In S.M., we reversed a CHINS adjudication that was based in part on the mother's use of marijuana while pregnant. 45 N.E.3d at 1253-54. We noted that the mother had a history of sporadic marijuana use and the child was born with marijuana positive meconium, but each drug screen the mother provided during the CHINS proceedings was negative for illegal substances. Id. at 1256. The mother also stopped using marijuana when she realized she was pregnant. Id.
 In Ad.M, we reversed a CHINS determination because “evidence of one parent's use of marijuana and evidence that marijuana ha[d] been found in the family home, without more, does not demonstrate that a child has been seriously endangered for purposes of Indiana Code [s]ection 31-34-1-1.” 103 N.E.3d at 713-14.
 In C.M. we reversed a CHINS adjudication and, citing Ad.M, observed that while evidence was presented at the fact-finding hearing that Mother might have used marijuana to self-medicate and may have consumed alcohol in excess, there was no evidence regarding “when, where, or how many times C.M. had seen Mother use marijuana or consume alcohol in excess.” 130 N.E.3d at 1157. We also noted that there was “nothing in the record to show that Mother ever used marijuana in C.M.'s presence.” Id.
 We find those cases distinguishable because none of them involved a parent who specifically admitted that the child was CHINS due to the parent's drug use as was the case here, nor do they necessarily require DCS to show that Mother used methamphetamine in the Children's presence or that DCS was required to remove the Children.6 As previously noted, Father admitted he knew that Mother used methamphetamine and that Mother could not care for the Children if she was using drugs and that he recognized that Mother needed assistance with substance abuse. Fact-Finding Tr. Vol. 2 at 35-36, 43-44. Mother's admission that the Children were CHINS due to her ongoing drug use encompasses the element that “the child's physical or mental condition is seriously impaired or seriously endangered” as required by statute. Ind. Code § 31-34-1-1 (emphasis added); Appellant's App. Vol. 2 at 34, 120-21; Appellant's App. Vol. 3 at 130-31. Father did not contest Mother's admission during the factfinding hearing. We also note that Father had been only “minimally compliant” in the referrals that had been recommended by DCS, as he did not believe he needed such services. Fact-Finding Hearing Tr. Vol. 2 at 22, 36. The aim of a CHINS inquiry is to determine if a child's circumstances require services that are unlikely to be provided absent court intervention. Matter of E.Y., 126 N.E.3d 872, 877 (Ind. Ct. App. 2019). Therefore, DCS presented sufficient evidence to prove the elements of Indiana Code section 31-34-1-1.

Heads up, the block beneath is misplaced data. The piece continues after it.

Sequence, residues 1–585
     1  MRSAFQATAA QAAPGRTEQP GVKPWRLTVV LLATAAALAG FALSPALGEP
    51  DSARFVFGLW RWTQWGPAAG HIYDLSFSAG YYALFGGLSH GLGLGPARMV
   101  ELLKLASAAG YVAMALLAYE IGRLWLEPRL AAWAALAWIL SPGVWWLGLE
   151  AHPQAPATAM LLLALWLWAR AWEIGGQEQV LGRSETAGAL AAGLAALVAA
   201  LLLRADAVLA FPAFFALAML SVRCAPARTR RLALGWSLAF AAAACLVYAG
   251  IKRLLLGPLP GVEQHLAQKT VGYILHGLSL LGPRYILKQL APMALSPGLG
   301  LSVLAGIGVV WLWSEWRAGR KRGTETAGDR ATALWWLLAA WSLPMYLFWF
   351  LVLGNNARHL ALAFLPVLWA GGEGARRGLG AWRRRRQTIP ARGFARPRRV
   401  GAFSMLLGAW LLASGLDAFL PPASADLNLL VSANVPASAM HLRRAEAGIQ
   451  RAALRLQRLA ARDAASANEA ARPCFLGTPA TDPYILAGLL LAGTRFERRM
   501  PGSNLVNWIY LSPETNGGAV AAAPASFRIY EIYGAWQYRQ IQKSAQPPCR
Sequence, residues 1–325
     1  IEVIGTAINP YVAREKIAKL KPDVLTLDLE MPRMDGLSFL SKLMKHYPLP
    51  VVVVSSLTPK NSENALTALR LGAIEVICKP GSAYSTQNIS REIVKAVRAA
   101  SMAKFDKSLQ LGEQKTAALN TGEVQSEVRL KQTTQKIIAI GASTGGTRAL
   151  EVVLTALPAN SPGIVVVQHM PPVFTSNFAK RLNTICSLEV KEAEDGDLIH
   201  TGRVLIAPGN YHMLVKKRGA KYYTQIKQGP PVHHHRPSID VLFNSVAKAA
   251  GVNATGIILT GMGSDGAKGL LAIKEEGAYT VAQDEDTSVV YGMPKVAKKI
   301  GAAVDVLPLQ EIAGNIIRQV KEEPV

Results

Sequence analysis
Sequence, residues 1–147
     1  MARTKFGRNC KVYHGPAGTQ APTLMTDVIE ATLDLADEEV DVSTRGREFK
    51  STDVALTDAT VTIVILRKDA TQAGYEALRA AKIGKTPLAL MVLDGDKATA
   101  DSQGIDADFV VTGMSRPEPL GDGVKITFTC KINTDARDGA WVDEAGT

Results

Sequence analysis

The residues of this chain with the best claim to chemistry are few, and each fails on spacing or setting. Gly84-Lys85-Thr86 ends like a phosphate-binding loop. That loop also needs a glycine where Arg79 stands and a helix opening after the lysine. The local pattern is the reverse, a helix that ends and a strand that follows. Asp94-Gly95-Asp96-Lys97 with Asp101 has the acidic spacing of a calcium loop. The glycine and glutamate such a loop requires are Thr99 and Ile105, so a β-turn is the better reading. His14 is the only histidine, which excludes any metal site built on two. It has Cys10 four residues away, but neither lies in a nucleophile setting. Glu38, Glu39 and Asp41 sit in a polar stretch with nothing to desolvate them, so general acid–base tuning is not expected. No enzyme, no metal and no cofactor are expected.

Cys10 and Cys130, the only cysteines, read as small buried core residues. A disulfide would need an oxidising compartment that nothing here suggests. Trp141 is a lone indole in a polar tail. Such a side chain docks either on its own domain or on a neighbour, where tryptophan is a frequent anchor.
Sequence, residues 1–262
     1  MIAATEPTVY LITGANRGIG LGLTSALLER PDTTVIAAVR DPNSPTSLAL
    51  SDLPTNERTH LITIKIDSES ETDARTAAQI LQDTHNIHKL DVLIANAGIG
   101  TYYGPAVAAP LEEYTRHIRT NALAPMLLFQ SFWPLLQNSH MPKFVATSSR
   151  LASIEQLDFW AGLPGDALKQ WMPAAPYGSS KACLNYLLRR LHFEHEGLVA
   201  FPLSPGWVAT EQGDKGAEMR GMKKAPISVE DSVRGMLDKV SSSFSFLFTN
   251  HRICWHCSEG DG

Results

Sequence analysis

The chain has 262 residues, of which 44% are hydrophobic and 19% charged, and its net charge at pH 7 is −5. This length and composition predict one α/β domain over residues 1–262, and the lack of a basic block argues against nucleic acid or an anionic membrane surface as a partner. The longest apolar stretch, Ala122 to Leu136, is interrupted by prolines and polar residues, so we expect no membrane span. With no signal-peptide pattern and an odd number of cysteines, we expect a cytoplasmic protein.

II. Dispositional Order
 Father contends that the trial court abused its discretion by imposing requirements on him in the dispositional order that were unrelated to the behavior or circumstances revealed by the evidence. Following a CHINS determination and a dispositional hearing, the trial court issues a dispositional order that details the plan of care, treatment, or rehabilitation required to address the needs of the Child, which includes the entry of findings and conclusions. See Ind. Code §§ 31-34-19-1, 31-34-19-10. “Although the [trial] court has broad discretion in determining what programs and services in which a parent is required to participate, the requirements must relate to some behavior or circumstance that was revealed by the evidence.” In re A.C., 905 N.E.2d 456, 464 (Ind. Ct. App. 2009). This court has recognized that forcing unnecessary requirements on parents whose children have been determined to be CHINS can set them up for failure and can result in failed reunification of the family and even the termination of parental rights. Id. at 464-65.
 Specifically, Father contends that the following requirements of the dispositional order were in violation of his constitutional rights because they were vague and arbitrary and based on boilerplate language:
f. If a program or programs is/are recommended by the Family Case Manager or other service provider, enroll in that program [sic] a reasonable time, not to exceed thirty (30) days and participate in the program as scheduled by that program without delay or missed appointments. If required to obtain an assessment, arrange to complete that assessment within thirty (30) days.
j. Maintain suitable, safe and stable housing with adequate bedding, functional utilities, adequate supplies of food and food preparation facilities. Keep the family residence in a manner that is structurally sound, sanitary, clean, free from clutter and safe for the children.
k. Secure and maintain a legal and stable source of income, which may include employment, public assistance, Social Security and/or child support payments that are adequate to support all the household members, including the children.
l. Assist in the formulation and implementation of a protection plan which protects the children from abuse or neglect from any person.
m. Ensure that the children are properly clothed, fed and supervised. If they are of school age, ensure the children are properly registered/enrolled in and attending school or provide verification that the children are participating in an approved educational program. Fully cooperate with each child's school regarding any issues concerning that child.
o. Not consume any alcohol.
p. Obey the law.
t. Complete a psychological evaluation(s) as referred and approved by DCS and successfully complete any recommendations that result from the evaluation(s).
u. Meet with medical/psychiatric personnel, as directed by the medical/psychiatric personnel and take all prescribed medications as in the doses and frequencies specified in the prescriptions.